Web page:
ALTON — The prestigious American Diabetes Association Education Recognition Certificate for a quality diabetes self-management education program was recently awarded to the OSF Saint Anthony’s Health Center Self-Management Skills Program.
The program was originally recognized in February 1992. According to the ADA, the program offers high-quality education that is an essential component of effective diabetes treatment.
The association’s Education Recognition Certificate assures that educational programs meet the National Standards for Diabetes Self-Management Education Programs. These standards were developed and tested under the auspices of the National Diabetes Advisory Board in 1983 and were revised by the diabetes community in 1994, 2000, 2007 and 2012.
Programs apply for recognition voluntarily. Programs that achieve recognition status have a staff of knowledgeable health professionals who can provide participants with comprehensive information about diabetes management.
“Earning the recognition of the ADA is important to us. It lets the River Bend community know that we are dedicated to meeting their needs,” said Lois Daniels, a certified diabetes educator with OSF Saint Anthony’s. “We have always operated with the philosophy that each person with diabetes is entitled to achieve their optimal level of health.”
Education recognition status is verified by an official certificate from ADA and awarded for four years.
According to the American Diabetes Association, there are 29.1 million people or 9.3 percent of the population in the United States who have diabetes. While an estimated 21 million have been diagnosed, unfortunately, 8.1 million people are not aware that they have this disease. Each day approximately 4,657 people are diagnosed with diabetes. Many will first learn that they have diabetes when they are treated for one of its life-threatening complications — heart disease and stroke, kidney disease, blindness, and nerve disease and amputation. About 1.7 million new cases of diabetes were diagnosed in people age 20 or older in 2012 in the U.S. Diabetes contributed to 234,051 deaths in 2010, making it the seventh-leading cause of death in the United States. Overall, the risk for death among people with diabetes is about twice that of people of similar age but without diabetes.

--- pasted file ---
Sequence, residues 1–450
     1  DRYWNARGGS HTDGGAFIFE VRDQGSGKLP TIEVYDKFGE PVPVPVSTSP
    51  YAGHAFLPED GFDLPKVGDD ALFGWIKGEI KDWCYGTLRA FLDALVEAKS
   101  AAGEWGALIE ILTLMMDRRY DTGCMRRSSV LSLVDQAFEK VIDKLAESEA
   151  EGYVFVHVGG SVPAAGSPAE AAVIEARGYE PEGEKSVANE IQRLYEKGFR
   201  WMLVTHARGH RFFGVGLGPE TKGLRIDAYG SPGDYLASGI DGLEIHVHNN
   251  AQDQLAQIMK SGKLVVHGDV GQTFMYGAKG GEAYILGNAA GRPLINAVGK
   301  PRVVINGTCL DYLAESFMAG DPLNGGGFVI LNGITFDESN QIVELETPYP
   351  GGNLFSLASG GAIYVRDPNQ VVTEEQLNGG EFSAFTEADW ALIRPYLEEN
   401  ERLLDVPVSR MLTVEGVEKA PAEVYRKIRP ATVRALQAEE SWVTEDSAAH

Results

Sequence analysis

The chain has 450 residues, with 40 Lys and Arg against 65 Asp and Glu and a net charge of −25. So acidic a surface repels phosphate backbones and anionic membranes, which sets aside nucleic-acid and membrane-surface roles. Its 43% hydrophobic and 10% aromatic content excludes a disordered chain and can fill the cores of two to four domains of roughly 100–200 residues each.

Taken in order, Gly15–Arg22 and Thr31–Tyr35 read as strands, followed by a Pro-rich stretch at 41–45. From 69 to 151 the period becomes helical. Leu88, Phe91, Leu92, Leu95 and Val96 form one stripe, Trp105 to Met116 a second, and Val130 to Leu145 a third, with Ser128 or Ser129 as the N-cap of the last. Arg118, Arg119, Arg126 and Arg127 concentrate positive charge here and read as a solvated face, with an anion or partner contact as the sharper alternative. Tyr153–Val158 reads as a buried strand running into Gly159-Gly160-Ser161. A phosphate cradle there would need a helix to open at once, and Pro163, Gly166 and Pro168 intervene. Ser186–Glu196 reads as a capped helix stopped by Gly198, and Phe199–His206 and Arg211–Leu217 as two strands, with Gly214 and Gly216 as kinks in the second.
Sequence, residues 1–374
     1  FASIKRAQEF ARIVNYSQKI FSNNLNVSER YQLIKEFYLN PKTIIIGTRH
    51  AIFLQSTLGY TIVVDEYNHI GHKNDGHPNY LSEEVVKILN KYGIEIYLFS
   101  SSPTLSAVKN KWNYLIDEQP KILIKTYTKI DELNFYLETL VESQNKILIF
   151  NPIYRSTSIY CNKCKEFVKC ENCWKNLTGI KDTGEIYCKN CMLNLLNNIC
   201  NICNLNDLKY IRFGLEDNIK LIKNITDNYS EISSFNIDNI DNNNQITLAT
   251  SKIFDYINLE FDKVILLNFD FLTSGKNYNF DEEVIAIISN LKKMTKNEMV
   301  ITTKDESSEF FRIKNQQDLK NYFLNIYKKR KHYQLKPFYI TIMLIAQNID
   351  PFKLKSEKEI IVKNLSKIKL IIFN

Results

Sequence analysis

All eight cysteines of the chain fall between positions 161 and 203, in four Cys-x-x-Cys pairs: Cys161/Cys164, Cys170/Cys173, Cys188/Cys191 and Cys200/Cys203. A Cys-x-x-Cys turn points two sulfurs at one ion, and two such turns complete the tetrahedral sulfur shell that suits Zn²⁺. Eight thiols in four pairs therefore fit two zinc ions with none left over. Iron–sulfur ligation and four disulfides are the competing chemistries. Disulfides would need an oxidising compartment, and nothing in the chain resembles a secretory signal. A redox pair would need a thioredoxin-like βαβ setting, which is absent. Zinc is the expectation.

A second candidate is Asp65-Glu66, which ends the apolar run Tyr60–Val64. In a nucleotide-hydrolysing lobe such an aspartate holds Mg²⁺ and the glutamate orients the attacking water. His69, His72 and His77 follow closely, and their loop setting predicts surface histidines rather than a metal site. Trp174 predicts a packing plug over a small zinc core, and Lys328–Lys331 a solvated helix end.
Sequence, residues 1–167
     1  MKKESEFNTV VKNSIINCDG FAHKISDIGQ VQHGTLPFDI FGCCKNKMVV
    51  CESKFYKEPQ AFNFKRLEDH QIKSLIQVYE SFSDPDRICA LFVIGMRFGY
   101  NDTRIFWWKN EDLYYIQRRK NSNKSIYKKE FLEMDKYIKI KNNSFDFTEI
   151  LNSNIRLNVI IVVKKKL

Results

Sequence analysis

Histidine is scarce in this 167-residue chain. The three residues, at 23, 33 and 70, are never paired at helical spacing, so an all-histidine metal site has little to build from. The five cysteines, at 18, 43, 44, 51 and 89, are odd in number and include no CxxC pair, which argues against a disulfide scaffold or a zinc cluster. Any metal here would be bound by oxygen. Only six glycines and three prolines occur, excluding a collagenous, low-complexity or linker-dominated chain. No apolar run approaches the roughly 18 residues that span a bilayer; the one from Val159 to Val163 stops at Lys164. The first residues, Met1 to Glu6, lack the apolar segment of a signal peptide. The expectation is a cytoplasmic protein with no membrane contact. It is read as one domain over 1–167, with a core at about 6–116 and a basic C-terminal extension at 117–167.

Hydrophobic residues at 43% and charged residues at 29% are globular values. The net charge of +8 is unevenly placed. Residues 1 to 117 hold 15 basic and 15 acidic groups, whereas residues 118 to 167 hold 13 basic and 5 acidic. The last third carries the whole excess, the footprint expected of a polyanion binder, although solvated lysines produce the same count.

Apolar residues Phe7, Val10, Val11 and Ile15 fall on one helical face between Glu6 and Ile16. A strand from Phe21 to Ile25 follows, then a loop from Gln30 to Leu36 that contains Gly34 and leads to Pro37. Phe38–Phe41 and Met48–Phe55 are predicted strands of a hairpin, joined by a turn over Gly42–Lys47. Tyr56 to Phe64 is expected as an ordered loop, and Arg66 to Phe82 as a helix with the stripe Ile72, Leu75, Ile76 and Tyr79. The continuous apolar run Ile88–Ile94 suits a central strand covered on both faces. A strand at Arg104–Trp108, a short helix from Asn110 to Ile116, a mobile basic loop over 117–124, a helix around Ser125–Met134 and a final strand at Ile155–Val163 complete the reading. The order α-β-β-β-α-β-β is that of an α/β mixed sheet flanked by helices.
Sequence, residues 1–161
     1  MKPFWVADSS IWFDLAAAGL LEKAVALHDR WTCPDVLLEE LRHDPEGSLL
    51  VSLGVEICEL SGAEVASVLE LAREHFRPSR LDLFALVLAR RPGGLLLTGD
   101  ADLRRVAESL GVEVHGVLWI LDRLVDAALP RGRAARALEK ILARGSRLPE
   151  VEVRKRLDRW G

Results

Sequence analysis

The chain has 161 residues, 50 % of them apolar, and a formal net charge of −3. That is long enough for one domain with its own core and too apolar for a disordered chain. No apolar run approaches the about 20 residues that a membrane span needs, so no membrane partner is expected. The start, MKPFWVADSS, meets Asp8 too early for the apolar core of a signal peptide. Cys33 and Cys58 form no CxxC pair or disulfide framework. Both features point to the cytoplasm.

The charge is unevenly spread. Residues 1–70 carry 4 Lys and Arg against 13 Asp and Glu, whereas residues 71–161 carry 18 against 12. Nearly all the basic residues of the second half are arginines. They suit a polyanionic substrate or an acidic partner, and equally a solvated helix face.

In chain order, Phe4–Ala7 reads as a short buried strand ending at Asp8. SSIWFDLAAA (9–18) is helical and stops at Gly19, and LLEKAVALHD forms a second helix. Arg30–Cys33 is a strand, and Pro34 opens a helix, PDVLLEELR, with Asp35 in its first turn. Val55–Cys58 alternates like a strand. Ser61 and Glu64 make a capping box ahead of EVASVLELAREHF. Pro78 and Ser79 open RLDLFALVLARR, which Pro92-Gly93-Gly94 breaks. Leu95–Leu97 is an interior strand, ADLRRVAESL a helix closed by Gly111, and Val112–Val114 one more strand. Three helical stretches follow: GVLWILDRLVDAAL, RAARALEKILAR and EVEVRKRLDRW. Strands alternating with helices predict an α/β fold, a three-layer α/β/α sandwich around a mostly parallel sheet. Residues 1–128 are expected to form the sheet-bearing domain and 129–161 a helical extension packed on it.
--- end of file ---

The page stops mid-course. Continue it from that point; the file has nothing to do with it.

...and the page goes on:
“Our Self-Management Skills Program is available to individuals who have been discharged from the inpatient setting, as well as those with a physician’s referral,” Daniels said. “It teaches people with diabetes a lifelong management approach to controlling the symptoms and complications of diabetes.”
The American Diabetes Association is the nation’s leading nonprofit health organization supporting diabetes research, advocacy and information for health professionals, patients and the public. Founded in 1940, the association has an area office in every state and conducts programs in communities nationwide.
For more information about OSF Saint Anthony’s Diabetes Program, call (618) 474-5012.